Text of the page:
makes the corn grow tall," the Hoosiers
often said. It also makes sweat
, and hay fever
. I went to a church camp
one summer with my friend, Dot. The camp was a miserable place, just a few ugly buildings stuck in the middle of a field with tall trees for shade. The shade was poor relief because the humidity followed even there. The only activity we had other than eating and studying the Bible
, which we played on the single patch of lawn.
The first night in camp everybody got saved but Dot and me. After a long sermon on hell and damnation, the preacher said, "If you want to give your life to Jesus, come down to the altar." One by one all the other campers went down the aisle to the altar where they fell on their knees to pray.
Just before I went to camp, Robert, my sixteen year old brother, died tragically and irrevocably with a single bullet between his eyes. When the preacher told us we'd go to hell if we died without being saved, I thought about Robert and wondered where he was. I didn't go down to the altar with the others, and Dot didn't go because she was my friend.
Nobody got too upset the first night. After all, the staff had all week to work on us, but when the second evening came and we still didn't go, they became alarmed. They wanted a perfect record of souls saved for their camp, and we were threatening this perfection. I suppose they were even concerned about our souls. Of course, the more pressure they used, the more stubborn we became, and by the end of the second evening nothing could have moved us toward the altar.
The third night was a crisis situation. Dot and I were becoming heroes in the eyes of the other campers. Among other things, we were croquet champions, and I had the record for eating the most pieces of bread, butter, and apple butter at the table! The campers were looking up to us rather than down on us because we were different.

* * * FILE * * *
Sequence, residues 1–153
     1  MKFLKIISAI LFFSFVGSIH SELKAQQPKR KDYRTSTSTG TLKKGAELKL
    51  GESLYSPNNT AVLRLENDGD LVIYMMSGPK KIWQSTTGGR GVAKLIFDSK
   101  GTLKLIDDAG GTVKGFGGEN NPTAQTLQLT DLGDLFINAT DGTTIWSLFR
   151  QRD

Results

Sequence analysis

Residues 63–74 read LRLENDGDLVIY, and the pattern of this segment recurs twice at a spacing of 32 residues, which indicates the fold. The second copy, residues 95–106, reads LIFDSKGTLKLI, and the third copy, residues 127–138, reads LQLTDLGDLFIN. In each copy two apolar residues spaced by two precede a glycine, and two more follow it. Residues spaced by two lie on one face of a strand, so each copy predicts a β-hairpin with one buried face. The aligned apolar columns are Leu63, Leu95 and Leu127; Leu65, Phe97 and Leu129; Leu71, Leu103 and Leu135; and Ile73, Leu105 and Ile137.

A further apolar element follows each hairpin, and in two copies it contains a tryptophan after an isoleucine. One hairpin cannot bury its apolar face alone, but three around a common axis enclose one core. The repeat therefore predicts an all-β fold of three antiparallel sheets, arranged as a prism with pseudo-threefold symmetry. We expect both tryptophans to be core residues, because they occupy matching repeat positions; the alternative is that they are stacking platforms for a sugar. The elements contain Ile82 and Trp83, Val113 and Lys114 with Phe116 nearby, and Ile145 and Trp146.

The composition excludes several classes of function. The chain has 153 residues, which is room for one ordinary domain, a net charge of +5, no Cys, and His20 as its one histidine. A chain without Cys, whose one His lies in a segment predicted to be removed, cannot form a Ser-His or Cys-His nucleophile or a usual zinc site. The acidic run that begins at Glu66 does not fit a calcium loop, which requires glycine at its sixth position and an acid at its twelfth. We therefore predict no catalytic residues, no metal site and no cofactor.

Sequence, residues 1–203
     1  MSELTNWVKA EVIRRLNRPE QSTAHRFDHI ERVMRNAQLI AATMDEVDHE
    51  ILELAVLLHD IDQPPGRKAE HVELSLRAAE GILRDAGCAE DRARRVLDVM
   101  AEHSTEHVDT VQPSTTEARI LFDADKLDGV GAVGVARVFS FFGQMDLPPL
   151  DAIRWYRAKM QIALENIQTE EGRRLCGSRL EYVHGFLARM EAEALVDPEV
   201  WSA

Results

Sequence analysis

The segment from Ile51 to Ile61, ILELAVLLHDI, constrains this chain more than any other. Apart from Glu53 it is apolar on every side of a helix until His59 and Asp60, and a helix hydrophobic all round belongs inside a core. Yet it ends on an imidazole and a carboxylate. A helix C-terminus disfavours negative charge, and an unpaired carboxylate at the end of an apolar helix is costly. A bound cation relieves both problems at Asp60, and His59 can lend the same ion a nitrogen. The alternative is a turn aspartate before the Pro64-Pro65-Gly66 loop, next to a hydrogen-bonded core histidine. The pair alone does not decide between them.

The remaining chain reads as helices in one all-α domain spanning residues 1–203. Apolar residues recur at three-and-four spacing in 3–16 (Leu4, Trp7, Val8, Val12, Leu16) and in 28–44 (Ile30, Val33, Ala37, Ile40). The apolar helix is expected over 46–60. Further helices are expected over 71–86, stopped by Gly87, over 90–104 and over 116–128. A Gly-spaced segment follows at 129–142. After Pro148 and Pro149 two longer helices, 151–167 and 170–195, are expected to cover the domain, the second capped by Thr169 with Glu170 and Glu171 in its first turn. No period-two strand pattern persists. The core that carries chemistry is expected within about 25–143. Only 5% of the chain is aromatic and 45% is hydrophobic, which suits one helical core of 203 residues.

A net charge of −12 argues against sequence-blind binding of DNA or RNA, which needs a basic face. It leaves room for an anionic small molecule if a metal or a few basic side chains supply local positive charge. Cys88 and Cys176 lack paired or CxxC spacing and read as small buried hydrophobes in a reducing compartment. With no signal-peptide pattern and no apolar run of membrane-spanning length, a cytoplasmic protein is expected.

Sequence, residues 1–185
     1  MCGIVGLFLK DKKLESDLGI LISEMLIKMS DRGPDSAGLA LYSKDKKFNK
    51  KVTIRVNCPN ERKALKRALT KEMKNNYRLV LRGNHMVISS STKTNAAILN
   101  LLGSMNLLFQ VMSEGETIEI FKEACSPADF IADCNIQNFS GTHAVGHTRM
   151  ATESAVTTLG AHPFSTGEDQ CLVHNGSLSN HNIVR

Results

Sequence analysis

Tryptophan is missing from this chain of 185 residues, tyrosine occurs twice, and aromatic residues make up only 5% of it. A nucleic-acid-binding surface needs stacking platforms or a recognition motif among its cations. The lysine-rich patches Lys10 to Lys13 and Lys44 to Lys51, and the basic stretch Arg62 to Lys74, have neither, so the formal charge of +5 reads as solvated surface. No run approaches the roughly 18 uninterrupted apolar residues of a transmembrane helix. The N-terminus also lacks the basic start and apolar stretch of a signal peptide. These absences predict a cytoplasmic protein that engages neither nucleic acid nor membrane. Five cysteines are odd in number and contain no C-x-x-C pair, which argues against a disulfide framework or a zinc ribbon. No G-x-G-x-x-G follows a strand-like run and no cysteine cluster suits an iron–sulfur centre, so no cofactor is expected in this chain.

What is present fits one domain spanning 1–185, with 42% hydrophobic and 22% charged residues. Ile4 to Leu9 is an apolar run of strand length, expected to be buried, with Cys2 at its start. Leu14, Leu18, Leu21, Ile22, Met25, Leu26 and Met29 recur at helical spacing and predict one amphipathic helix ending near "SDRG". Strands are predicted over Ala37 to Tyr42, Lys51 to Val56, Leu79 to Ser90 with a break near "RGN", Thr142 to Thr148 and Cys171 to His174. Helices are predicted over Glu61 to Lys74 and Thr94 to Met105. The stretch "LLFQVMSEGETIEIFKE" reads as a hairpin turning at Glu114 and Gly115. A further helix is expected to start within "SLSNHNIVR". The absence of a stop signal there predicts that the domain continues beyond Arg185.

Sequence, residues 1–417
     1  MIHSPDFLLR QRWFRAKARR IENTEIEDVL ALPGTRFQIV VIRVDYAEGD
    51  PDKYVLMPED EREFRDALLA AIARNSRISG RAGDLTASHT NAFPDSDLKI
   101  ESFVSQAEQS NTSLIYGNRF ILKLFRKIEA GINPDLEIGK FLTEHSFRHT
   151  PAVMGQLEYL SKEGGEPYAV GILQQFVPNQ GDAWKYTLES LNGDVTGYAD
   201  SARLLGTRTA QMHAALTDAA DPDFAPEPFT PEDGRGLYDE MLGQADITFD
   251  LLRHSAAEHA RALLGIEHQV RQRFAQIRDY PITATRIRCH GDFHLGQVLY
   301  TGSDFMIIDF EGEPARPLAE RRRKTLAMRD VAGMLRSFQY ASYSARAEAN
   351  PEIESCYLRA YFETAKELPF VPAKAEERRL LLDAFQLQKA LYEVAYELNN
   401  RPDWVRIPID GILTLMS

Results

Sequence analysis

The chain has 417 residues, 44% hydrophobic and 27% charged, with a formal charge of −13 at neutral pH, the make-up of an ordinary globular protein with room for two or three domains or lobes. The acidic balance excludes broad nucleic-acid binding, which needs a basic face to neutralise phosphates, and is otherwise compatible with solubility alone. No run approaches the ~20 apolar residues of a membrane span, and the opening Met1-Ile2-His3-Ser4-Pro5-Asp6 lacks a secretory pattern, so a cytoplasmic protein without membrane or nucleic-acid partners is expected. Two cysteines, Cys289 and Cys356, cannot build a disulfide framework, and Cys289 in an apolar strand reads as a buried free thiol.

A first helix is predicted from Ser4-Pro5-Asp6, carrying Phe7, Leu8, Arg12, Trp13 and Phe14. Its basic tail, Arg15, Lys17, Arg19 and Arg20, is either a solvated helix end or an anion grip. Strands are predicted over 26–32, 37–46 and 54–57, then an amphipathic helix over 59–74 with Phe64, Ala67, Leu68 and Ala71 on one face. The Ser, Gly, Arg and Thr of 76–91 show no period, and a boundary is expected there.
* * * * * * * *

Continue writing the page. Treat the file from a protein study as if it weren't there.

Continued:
The staff had conferred together and decided on a new strategy. They separated us in the far ends of the chapel, and half of the staff worked on Dot and the other half on me. How could they have been so oblivious to my misery?
"Aren't you afraid of going to hell?" The fat one asked.
"Yes," I said to myself, "but Robert wasn't saved and if he is there, it can't be all bad." Aloud I said nothing.
"Don't you want to give your life to Jesus?" the almost kind one asked.
"I don't know what that means," I said to myself, "and since this seems to be so important, I'd better be careful." So I just said, "No, not now."
The evening wore on, and finally they gave up and let the poor, suffering campers in front get up off their sore knees and go to bed. They released Dot and me shaken, but firm in our non-convictions. I had hay fever, and my constant sneezes kept me and everyone around me awake through most of the night.
The next morning I wandered off through the fields alone instead of going to the Bible class I was supposed to attend. The sun was bright and hot and, as I wandered through the stubble field, I thought to myself, "I don't understand what they are talking about, but I can understand the sun. It is the source of light and warmth and life itself. The sun is my God!"
I slipped back to camp and called Mother. She came and got Dot and me, and I didn't go near an organized church again for ten years. I've always felt until now that this was a regrettable experience, but it was not. It freed me during all the years of my philosophical coming of age from dependence on dogma. These were difficult years, but the faith I found and am still finding is firm. My Sun God didn't last too long, but at each stage of my development I could find an honest God to suit my needs. Today, when others of my generation squirm at the death of The Man Upstairs, I am, though still searching, at ease.